Not everyone is a warrior, and it’s okay. That statement alone is sufficient to drive people into fury in many circles, where faux-warrior culture has bonded with the ideas of “true masculinity”. But it’s the truth. Not everyone is a warrior, not everyone can be a warrior, and not everyone should be a warrior either. It’s not healthy. It’s not realistic. And it makes people do some weird things when left to their own devices. So where does this come from, what does it mean, and how do we address masculinity in modern Heathenry in a positive and productive way?
So where is this coming from? Well, in the Heathen world, over the last decade or so, there’s been a mounting obsession with masculinity, manhood, and warrior status. Part of this has been fuelled, particularly here in North America, by a lack of historical context and connection to the greater picture of Norse and Germanic society in the distant past. Instead, we have our popular interpretation of Vikings. An easily identified, hyper-masculine ideal, far removed from its roots. Another aspect is the development of the “sheepdog” and “war fighter” cultures in the US Military (which have in turn bled into other military cultures to greater or lesser degrees), and the pushback by veterans and serving members against what they see as feminized civilians. The final aspect is a legitimate lack of masculinity rites and rituals in modern society, which when combined with shifting cultural roles and positions, stresses people more than most are willing to admit.
The result is the current “warrior” obsession. There were more than warriors in the past though, and being able and ready to defend yourself, kin, and property doesn’t a warrior make. Even most soldiers today aren’t warriors, though few in the combat arms would be willing to admit that. Being a warrior is more than an occupation or skill set. It’s a combination of a number of factors, not the least of which is a dedication to the various aspects of arts of war and the possession of a well developed, nuanced, mindset to use these skills to best effect. Being a warrior doesn’t happen in a vacuum, and doesn’t come without repercussions either. The current obsession with it isn’t a healthy expression either.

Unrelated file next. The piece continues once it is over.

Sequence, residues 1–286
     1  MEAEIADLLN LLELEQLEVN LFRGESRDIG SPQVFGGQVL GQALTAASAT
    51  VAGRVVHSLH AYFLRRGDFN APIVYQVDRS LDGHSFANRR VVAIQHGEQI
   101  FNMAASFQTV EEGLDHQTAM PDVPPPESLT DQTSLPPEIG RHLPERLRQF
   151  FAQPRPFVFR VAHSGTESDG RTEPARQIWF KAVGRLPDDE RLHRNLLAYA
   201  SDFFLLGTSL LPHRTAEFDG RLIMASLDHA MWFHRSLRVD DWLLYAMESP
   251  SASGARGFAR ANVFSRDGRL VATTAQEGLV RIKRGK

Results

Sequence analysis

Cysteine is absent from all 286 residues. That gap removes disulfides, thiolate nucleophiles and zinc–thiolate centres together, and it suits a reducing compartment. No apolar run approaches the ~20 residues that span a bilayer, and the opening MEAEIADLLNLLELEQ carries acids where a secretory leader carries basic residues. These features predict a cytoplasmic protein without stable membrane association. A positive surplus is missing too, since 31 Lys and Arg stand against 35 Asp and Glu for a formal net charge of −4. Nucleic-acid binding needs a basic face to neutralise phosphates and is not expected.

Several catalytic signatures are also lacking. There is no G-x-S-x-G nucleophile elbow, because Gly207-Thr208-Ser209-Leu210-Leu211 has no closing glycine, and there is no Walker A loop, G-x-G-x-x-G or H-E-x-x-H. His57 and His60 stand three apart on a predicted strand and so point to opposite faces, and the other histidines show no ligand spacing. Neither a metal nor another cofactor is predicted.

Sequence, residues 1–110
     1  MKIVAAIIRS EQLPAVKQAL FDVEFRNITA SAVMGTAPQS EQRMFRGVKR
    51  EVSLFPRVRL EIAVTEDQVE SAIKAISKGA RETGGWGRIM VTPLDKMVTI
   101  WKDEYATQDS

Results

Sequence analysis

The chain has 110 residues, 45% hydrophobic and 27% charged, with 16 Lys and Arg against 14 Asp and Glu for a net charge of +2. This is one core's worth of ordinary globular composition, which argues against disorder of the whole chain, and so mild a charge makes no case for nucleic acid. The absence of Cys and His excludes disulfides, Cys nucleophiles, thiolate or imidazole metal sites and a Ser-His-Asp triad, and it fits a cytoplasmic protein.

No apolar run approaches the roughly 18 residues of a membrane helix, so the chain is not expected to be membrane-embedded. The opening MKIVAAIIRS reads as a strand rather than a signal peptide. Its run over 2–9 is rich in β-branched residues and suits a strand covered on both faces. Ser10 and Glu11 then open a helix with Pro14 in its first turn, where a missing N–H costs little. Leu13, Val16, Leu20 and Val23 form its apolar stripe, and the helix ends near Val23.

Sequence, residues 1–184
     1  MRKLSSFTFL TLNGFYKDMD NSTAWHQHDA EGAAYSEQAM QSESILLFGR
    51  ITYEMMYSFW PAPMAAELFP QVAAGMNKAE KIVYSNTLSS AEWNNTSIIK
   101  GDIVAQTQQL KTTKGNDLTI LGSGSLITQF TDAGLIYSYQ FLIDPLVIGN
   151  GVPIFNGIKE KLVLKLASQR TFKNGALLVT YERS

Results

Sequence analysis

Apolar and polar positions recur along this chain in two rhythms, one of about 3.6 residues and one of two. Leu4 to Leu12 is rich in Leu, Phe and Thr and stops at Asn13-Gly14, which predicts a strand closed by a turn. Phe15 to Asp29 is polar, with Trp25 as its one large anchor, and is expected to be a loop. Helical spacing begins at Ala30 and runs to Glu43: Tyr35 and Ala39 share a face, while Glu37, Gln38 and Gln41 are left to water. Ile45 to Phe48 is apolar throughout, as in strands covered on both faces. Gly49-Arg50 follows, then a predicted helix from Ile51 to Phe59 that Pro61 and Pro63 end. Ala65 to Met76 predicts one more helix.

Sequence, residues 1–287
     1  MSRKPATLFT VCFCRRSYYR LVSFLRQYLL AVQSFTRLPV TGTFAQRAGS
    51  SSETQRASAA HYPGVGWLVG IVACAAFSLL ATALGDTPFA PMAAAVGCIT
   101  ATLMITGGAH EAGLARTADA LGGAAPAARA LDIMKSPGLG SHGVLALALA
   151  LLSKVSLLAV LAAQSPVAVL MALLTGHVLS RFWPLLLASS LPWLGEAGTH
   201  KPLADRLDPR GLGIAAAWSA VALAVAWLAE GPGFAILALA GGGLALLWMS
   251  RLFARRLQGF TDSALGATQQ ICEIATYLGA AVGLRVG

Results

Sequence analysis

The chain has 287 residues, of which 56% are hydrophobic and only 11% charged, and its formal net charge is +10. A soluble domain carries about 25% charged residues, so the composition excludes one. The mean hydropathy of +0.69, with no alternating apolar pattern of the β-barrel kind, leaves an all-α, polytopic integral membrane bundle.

So how is this an unhealthy thing? After all, if there’s so much to being a warrior, why don’t we all want to be one? Well, should we all be bakers because we like bread? Should we all be musicians because we like music? No, of course not. There is a time and place for warriors, and always a need to have a few around. But there’s a greater need for skalds, thinkers, farmers, smiths, and carvers. These are the people that need to have warriors around, but who create the things that make it possible to be a warrior, and are the people that a warrior seeks to protect. Warriors exist in symbiosis with the communities and societies that they come from, separated by focus, but still connected in life, spirit, and ethos.
A society can’t be all warriors. It’s unbalanced, and prone to instability. A religion and faith can’t be all warriors either, otherwise it loses perspective and grounding, and becomes out of touch with the world around it. At best it can hope to be some sort of monastic order, but that’s not exactly the community and family orientation that Heathens today or their spiritual ancestors go or went for. It’s okay to not be a warrior. It’s okay to be other things, preferable even in many cases. It’s very easy to talk the talk online, and to run around in the woods like animals or spend the day at the range or local paintball/airsoft field. The latter two can even act as group bonding events, but it’s not the same as being a warrior. But in an age when the recent iterations of masculinity in North America are perceived as failing, what do we do, as “warrior” is a very powerful and seductive status?
We need to do what our ancestors did, and realize that there is more to being a man than the ability to fight, belittle others for their weaknesses, and not show your emotions. Masculinity is a multifaceted, multimodal thing, to which we’ve really only paid attention to a few facets of for some time now. It’s time for us to recognize that intelligence and articulate speech were as treasured, if not more so than, the ability to lay waste in battle. It’s time to be feel the full spectrum of our emotions, and to learn to express them in ways that are ours. It’s time to recognize the farmer, the craftsman, and the skald for what they bring to the community. It’s time to bring back, or create, rites and rituals marking our transitions through life. It’s time to put our play swords down and take up the mantle of maturity as we march forward into a brighter Heathen future. It’s time to realize that we can’t all be warriors, and that it’s okay.